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Kurt Sepp Deifel kurt at tmba.design.net.au
Thu Jan 4 04:14:00 EST 1996

Please Help me,

My name is Kurt Deifel and I am the Research and Development 
Officer for a large farming co-operative here in the Darling Downs
in Queensland, Australia.

The problem that we have at the moment is with the residual effect
of pre-emergent selective herbicides in our Lettuce and Celery 
Transplants.  The active constituent that we are having trouble 
with is Pendimethalin mixed in a Liquid Hydrocarbon Solvent.  It 
is sold under the name of Prowl(R), Accotab(R), Go-Go-San(R), 
Herbdox(R), Sipaxol(R), Wax-up(R) and sold under Stomp 330E(R) 
here in Australia.  It is manufactured by the American Cyanamid 
Company in the United States.  The chemical belongs to the 
Dinitroaniline family and is originally a orange/yellow 
crystalline solid soluble in most organic solvents hence being 
mixed with the Liquid Hydrocarbon.

The problem is that we have been using this product quite 
successfully to control certain weeds in our Lettuce and Celery 
for about 15 years and have had excellent results.  Until last 
season when we started to find some abnormalities in our Lettuce 
resulting in this seasons Lettuce having catastrophic problems.  
Lettuce transplanted into blocks sprayed have very poor 
establishment figures ranging from 10-50% of the transplants 
dying.  Once these Lettuce transplants had started to grow they 
soon became very uneven.  With the plants appearing to be about 
two weeks different in the same blocks.  Once they came to 
harvest only about 30-50% of the Lettuce could be harvested with 
the rest being either too small or not forming hearts.  At first 
we thought that it was something else such as nutrition or 
insufficient irrigation but when we sprayed different blocks with
different treatments then this soon told us the real story.  
Blocks that were not sprayed with this product had an excellent 
establishment, over 99.9% with about 60-70% of the Lettuce being 
harvested.  Although this was still a disaster this was a large 
improvement on the blocks sprayed with Stomp 330E(R) with only 
30-50% being harvested.  We also applied another herbicide, 
active constituent Propyzamide or Pronamide under the trade name 
of Kerb WP(R) manufactured and released by Rohm and Haas Company.
This appeared to have no effect on the establishment or growth, 
in fact it appeared to be better than the control where no 
herbicides were applied.  There is such a large difference in the 
stunting that the rate of growth between a treated block and an 
untreated block is quite large, if you didn't know that they were
both planted on the same day you would swear that there was 
7 to 10 days difference in the two blocks.  This results in the 
treated blocks being harvested almost two weeks later than the 
untreated block.  All of these trials were replicated and the same
results appeared pointing to the Pendimethalin being the problem.
It appears that if applied this season to blocks it will result 
in killing plants and reduce yields by over 80%.  And with the 

residual or background levels in the soil it will severely effect
the growth and still result in massive reductions in yields.  We 
have been applying the product according to the label and at the 
rate of 2.5 litres / hectare with the recommended rate being from
2 - 4 litres / hectare, and been more then generous with the 
minimum interval time and the 2-7 days required with holding 
period from spraying to transplanting.  At the moment we are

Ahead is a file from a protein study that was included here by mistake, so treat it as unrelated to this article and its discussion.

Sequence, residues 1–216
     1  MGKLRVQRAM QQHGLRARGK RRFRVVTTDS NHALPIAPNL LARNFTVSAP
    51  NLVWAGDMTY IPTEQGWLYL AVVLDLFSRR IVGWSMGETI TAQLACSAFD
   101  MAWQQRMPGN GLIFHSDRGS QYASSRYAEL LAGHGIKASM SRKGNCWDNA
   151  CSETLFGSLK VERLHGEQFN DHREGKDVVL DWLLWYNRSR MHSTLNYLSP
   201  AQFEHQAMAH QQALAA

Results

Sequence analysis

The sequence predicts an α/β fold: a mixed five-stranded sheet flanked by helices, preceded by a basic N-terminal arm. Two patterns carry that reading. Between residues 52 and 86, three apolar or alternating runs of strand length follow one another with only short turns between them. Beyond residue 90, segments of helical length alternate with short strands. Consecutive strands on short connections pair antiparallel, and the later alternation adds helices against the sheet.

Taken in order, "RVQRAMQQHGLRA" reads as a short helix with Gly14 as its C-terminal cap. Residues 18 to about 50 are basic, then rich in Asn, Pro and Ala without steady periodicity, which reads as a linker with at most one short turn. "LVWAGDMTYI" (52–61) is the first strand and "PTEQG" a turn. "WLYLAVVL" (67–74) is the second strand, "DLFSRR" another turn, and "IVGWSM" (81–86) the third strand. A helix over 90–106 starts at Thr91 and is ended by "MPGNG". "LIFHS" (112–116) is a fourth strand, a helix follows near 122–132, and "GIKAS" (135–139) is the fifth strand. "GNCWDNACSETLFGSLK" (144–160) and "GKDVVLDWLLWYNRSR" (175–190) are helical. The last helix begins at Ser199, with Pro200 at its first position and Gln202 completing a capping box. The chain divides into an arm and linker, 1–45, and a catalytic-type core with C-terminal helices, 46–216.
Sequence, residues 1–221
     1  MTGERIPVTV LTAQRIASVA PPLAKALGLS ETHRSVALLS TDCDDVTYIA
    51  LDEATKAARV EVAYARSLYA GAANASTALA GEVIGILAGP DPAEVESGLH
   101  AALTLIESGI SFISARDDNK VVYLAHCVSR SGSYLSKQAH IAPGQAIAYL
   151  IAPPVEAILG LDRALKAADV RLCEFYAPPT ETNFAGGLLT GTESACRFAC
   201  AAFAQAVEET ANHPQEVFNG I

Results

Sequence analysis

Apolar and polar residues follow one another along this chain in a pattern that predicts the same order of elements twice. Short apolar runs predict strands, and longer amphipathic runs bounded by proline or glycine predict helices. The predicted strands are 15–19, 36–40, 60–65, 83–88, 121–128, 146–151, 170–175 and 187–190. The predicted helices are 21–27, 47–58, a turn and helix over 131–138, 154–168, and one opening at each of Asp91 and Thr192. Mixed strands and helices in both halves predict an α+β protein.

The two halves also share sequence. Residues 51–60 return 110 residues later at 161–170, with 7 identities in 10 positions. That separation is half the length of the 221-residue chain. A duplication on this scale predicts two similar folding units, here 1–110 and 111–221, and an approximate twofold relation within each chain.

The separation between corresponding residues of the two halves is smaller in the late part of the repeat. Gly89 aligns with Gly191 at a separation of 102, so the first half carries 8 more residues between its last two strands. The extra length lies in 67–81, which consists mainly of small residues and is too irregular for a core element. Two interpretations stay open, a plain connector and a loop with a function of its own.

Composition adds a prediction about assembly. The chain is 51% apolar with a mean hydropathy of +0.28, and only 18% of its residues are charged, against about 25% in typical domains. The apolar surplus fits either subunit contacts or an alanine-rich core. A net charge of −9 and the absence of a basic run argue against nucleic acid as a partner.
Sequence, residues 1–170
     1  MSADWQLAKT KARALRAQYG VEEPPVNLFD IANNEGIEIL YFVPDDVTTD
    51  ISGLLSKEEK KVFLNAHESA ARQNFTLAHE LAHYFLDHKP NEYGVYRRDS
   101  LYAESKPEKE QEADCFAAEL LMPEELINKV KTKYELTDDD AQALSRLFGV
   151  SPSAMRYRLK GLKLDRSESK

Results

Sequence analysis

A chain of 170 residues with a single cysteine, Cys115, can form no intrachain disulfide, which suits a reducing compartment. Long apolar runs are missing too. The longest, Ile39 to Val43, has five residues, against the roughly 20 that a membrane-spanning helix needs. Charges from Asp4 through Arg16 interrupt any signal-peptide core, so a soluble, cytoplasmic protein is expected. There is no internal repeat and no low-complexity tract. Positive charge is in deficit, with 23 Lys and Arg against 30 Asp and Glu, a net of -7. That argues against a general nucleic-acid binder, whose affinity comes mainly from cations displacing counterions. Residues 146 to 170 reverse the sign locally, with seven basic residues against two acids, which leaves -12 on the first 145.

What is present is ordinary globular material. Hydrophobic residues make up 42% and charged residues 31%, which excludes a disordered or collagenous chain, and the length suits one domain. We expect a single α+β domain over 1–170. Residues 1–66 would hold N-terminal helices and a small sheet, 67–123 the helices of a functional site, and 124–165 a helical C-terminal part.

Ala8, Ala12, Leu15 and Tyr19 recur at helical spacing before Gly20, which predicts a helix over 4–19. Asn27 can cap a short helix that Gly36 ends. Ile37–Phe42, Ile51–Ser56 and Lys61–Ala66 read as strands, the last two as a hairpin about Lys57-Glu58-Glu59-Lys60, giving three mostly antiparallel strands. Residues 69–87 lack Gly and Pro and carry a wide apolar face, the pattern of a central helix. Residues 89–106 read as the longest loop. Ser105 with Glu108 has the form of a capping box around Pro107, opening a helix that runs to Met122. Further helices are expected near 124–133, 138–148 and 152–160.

loosing $40,000 to $50,000 dollars Australian and will go broke 
very quickly if we cannot find a solution.  

If you know anything about this product or know anybody that might
be able to help me please let me know.  At the time being I would
like to find out as much as possible but am very interested in 
knowing if;
- I can take tissue and/or soil samples and send them to a 
laboratory to be analyzed to see if there has been any significant
difference  in the levels of Pendimethalin between the treatments
and other farms or is the active constituent not translocated into
the plant or does it simply effect the root system.
- Do different varieties of Lettuce get effected differently by 
this problem.
- Is there an indicator plant that I can use such as a grass 
species or other to tell us that concentrations are still toxic 
in the soil so we will know very roughly what level is in the 
field.  I have read that some grass species are susceptible to 
this so that may work.
- Is there any crop, element, chemical or technique that we can 
use to so called soak up or reduce the effects of the product in
the ground, i.e. can I grow a certain crop species that will 
absorb the chemical in stolens or tubers or other plant part and
use these to trap and store the product so we can dig this crop up
and remove the Pendimethlin from the field.  
- Does this product have a history of having such a problem as 
remaining in the soil, does it have a long half life to break 
down or does it not break down, can I accelerate the natural 
breakdown process.
- Could it be another product or product reacting with the 

Please help we with my quest for information and possible 
contacts, your time and knowledge will be greatly appreciated, 
and maybe I can even help you with some of your own problems.  

Please E-mail and post your reply so I can get answers as soon as
possible because we have to try and find a solution very quickly.  

I will answer all letters.
Thankyou very much in Reply,


Kurt Deifel
Mr. Kurt Sepp Deifel
Research and Development Officer
for Story Farms Pty. Ltd.
E-mail address <kurt at tmba.design.net.au>
Snail Mail - F1/311 Bridge Street, Toowoomba,
	     Queensland, 4350, Australia.
Phone - (076) 361911  Fax - (076) 362216

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